Virat Kohli is a supreme run-machine who is also one of the fittest in the business. The Indian cricket team skipper has rarely missed a match due to injury and it is testament to his greatness that Kohli can perform consistently in all three formats and maintain the same level of intensity. On day 2 of the Boxing Day Test between India and Australia in Melbourne, Kohli was looking good for a century and had shared a wonderful partnership of over 100 runs with Cheteshwar Pujara, who had already registered his 17th Test century. However, there was a funny moment between the two batsmen and it involved running between the wickets.
When Kohli took strike in the 120th over bowled by Australia pacer Pat Cummins, the right-handed batsman was on 71. On the fourth ball of the over, Kohli flicked a full ball into the vast gap at deep midwicket. The skipper ran aggressively while Pujara was struggling to keep up. By the time Kohli had almost completed the third run at the non-striker’s end, Pujara had just turned around at the non-striker’s end. Kohli wanted a fourth run but Pujara barely managed to get back in the crease.
Following the run, Pujara showed the hand to Kohli, smiled and shrugged his head indicating that he was in no position to take the fourth run. Pujara fell for 106, his second century in the series while Kohli was unlucky to miss out on his 26th century as he upper-cut Mitchell Starc to third man where he was caught for 82 by Aaron Finch. However, the 170-run stand put India on course to dominate the Melbourne Test match.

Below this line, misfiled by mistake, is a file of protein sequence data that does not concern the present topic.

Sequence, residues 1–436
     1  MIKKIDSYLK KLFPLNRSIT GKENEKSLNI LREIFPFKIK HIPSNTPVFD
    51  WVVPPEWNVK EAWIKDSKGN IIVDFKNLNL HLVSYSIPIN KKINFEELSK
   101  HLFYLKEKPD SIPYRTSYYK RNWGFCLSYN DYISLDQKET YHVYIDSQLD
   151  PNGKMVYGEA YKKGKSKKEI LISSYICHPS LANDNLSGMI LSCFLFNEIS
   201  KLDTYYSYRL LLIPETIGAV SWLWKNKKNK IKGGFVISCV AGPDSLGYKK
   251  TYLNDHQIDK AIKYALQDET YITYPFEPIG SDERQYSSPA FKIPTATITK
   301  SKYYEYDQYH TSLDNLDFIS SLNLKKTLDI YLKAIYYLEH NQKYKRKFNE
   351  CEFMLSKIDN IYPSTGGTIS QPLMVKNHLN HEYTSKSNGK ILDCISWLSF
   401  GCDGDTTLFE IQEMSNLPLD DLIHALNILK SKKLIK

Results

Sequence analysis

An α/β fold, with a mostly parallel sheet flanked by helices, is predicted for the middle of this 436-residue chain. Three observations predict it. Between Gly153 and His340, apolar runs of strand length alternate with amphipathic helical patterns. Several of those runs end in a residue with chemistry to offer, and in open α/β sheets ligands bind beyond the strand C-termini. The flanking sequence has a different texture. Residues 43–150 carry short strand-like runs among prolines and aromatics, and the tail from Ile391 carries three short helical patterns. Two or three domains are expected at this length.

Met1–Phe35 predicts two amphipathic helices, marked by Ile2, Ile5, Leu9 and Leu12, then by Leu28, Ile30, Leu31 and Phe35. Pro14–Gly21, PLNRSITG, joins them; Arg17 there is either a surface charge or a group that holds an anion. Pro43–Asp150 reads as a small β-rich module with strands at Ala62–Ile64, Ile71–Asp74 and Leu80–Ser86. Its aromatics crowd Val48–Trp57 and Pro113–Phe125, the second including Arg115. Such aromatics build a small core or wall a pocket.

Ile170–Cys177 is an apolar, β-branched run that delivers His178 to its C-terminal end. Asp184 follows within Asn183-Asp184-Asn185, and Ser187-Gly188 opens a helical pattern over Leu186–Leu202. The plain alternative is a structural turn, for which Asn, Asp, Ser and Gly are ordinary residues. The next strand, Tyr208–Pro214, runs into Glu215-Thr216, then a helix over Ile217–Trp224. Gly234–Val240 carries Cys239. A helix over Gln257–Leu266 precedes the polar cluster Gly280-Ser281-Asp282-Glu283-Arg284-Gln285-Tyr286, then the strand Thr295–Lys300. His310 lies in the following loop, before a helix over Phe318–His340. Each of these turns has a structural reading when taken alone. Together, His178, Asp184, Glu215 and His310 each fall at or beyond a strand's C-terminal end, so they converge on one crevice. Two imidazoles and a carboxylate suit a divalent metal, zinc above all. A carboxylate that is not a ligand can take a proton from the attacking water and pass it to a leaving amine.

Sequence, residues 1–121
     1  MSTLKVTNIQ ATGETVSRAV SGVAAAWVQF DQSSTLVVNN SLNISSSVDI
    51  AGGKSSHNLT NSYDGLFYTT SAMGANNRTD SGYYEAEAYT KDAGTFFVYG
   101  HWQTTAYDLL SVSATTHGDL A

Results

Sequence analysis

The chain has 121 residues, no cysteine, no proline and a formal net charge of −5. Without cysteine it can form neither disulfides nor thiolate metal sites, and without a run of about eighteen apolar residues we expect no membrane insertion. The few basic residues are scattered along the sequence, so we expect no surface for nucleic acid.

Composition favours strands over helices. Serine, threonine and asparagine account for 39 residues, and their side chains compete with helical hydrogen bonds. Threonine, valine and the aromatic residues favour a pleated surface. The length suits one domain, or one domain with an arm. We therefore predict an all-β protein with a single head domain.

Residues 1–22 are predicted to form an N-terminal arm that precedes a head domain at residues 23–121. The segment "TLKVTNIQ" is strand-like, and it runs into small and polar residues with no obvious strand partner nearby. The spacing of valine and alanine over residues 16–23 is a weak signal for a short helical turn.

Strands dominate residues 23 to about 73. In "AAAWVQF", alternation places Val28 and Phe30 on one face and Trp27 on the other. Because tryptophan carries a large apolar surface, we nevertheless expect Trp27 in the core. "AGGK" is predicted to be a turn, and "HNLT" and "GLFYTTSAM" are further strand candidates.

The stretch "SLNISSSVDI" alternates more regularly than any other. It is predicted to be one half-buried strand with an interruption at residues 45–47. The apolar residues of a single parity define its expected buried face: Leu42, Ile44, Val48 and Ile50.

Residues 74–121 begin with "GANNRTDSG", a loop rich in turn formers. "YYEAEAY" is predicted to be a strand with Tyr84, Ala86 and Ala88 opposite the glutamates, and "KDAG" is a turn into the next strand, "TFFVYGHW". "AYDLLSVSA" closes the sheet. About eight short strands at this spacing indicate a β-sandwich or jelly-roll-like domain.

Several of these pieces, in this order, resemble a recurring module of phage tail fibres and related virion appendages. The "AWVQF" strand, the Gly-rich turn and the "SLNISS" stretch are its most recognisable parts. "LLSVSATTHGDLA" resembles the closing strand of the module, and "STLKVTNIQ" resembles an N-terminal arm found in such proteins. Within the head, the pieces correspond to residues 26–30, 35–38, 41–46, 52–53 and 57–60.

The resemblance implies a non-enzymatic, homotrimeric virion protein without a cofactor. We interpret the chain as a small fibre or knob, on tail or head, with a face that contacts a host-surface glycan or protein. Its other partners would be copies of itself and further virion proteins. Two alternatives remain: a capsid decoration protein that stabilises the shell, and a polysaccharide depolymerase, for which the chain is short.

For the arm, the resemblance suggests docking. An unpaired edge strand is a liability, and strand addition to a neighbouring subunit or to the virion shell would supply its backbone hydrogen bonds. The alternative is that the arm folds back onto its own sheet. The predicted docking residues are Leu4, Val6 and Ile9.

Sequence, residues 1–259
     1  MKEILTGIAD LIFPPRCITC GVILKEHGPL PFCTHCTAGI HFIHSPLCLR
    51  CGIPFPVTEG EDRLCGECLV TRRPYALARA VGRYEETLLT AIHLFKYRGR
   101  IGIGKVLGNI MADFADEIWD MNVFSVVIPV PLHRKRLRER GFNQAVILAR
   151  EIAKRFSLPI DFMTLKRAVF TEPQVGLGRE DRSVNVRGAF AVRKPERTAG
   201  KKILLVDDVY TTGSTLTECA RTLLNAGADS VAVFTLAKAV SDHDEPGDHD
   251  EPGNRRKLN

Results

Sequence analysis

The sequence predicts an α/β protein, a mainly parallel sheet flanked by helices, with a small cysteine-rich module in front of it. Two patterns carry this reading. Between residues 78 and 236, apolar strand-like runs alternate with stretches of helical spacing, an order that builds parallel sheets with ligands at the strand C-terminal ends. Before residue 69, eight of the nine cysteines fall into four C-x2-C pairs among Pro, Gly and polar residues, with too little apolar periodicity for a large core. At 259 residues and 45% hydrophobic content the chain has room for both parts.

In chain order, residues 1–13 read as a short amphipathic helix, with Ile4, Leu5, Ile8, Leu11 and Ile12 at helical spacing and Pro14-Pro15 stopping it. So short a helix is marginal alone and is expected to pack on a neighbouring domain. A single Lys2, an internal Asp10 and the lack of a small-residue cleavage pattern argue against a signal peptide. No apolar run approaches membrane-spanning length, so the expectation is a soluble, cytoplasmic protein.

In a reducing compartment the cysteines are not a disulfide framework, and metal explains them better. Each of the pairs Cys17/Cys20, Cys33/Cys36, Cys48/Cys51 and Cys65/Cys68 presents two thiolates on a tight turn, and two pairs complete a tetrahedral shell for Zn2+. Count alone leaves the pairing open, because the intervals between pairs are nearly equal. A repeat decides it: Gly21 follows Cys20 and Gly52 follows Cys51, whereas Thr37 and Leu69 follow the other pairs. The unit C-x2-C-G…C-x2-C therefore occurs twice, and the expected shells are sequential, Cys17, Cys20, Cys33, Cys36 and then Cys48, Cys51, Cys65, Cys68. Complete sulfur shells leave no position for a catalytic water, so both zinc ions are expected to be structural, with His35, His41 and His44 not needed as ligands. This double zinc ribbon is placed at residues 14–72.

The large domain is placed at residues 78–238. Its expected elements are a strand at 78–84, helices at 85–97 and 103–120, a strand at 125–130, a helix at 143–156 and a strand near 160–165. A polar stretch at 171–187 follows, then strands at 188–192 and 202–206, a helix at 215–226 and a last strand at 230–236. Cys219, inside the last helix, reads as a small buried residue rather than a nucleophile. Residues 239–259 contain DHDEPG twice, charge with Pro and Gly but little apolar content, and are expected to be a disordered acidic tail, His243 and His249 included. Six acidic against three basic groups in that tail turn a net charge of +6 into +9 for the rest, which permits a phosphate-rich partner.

Pujara’s reluctance for the fourth run probably stems from the fact that his knees are not that strong as Kohli. The Saurashtra batsman has undergone surgery to his knee couple of years ago and since then, he has struggled with running between the wickets. The fact that he has been run-out so many times might also have weighed heavily in the decision to not take four runs.
In the Centurion Test early in the year, Pujara was run-out in both innings, making him the first Indian player to create this unwanted record. Hansie Cronje, Marvan Atapattu, Adam Parore, Ian Healy, Mark Taylor and Stephen Fleming are the other players in this list. In the last decade alone, Pujara has been run-out seven times, which is the joint-most for any player along with former England wicketkeeper Matt Prior.